I grew up in a seaside town known to many as Hastings, in Victoria. I learnt about nature with my Mum who would take my brother and I along the Warringine Park boardwalk after school. As a young child, I used to sit and curiously watch the mud crabs scurry around, dwarfed by the mangroves and melaleucas that surrounded us. Connecting with nature on these walks taught us that there was more to our world than burgeoning local industries and housing developments.
At that age I had no idea about bureaucratic and financial terminologies adults used to value ecosystems like this. Nor did I know that this place would qualify as a Ramsar wetlands or a Biosphere Reserve. All I knew was that it was a special place for me and my family. So special, it inspired me to become an aquatic biologist and dedicate my life to protecting fragile and integral ecosystems like Westernport Bay.
Most recently, this area has been subject to a development proposal by AGL and APA Group, who intend to develop an intrusive Floating Regasification Unit (FSRU) and pipeline in Westernport Bay, in the heart of the Warringine Ramsar Wetlands. I feel fortunate to be a part of a dedicated and stoic community group who are fighting this proposal by reflecting the intrinsic connection we all share with this special place, our home. This community group, called Save Westernport, has garnered the attention of an NGO, Environment Victoria, who are supporting our cause to push for the protection of this area because they recognize how ludicrous it would be for our government to permit AGL to install a 300m long gas factory in the wetlands.
Collectively, we are all concerned that there is no need for this development, that the development is not financially beneficial for the region or environmentally safe for the climate, that the local environmental impacts, such as light pollution, bushfire risk and damage to the coastal areas are going to be disastrous for the longevity of this 25 year project. But personally, I am worried that this development will have a detrimental impact on current and future generations, who will suffer solastalgia.
I implore our politicians to stand with our community and fight with heart against this project and to push for a strengthening of our environmental laws. This proposal should never have come so far.
I want to thank my local community, our Boon Wurrung Traditional Custodians and everyone who has pitched in to support this campaign to keep AGL out of our beautiful, sacred waterways.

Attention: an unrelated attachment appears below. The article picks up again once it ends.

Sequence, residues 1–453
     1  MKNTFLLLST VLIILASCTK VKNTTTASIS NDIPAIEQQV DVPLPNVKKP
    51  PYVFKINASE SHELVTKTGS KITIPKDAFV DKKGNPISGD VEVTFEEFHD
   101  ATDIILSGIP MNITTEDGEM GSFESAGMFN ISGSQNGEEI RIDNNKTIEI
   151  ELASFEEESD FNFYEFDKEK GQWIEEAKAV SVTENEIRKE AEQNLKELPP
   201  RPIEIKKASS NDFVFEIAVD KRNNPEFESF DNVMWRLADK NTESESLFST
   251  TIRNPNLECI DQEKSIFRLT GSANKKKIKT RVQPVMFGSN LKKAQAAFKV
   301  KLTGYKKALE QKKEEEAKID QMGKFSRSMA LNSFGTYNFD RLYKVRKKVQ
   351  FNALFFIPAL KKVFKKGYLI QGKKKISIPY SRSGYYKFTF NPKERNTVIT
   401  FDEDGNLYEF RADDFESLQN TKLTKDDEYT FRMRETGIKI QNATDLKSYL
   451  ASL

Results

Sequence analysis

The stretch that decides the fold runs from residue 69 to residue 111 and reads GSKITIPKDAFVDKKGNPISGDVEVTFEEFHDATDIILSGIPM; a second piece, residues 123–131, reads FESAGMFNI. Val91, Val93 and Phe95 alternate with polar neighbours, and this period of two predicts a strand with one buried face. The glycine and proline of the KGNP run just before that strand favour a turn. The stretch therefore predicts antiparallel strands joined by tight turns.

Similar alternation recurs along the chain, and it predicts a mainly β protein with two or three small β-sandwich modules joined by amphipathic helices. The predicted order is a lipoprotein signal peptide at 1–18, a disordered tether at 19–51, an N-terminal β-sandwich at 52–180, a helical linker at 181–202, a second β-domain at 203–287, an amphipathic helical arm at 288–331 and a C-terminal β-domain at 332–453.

These special places should be protected for every being.
I didn’t mean to live on the Mornington Peninsula, but life has habit of having its own way sometimes.
So, after joyful years living in NZ – life bought me to Bittern.
I had no idea that this delightful place was tucked away here south of Melbourne.
There are bike paths, and walking paths and beautiful beaches. Wineries, breweries, gardens.
Without a lie, I’ll tell you this – we moved to Bittern in Oct 2018 and we had houseguests every night from Dec 22 2018 to April 25 2019: waving one dear friend off and welcoming another, with just enough time to change the sheets!
This speaks to the enthusiasm to visit this part of the world.
Our ‘guest trail’ is beautiful – bike rides from Jacks Beach to Hastings, lunches at breweries and wineries, swims at Gunnamatta Beach, snorkeling at Flinders Pier, learning about the Ramsar listing, Coolart wetlands, visits to ‘the other side’ (Port Philip Bay side), walking at Arthurs Seat and treks to the very end of Nepean Point.
What a beautiful place – all within a couple of hours on the train to Melbourne-town for a day of museums, galleries, shopping and restaurants.
And now: the grief of the possibility of losing all this to foolish profit, greed and mistaken arguments about ‘essential power’. I learnt of this proposal in an almost offhand comment from the Estate Agent, after we’d signed the contract. I guess it was a case of buyer beware. But I am not sorry I am here. I delight in this beautiful community still.
But here we are, fighting to stop all this being given away, the bay destroyed – all for the profit of faraway business leaders and faceless shareholders.
What a travesty.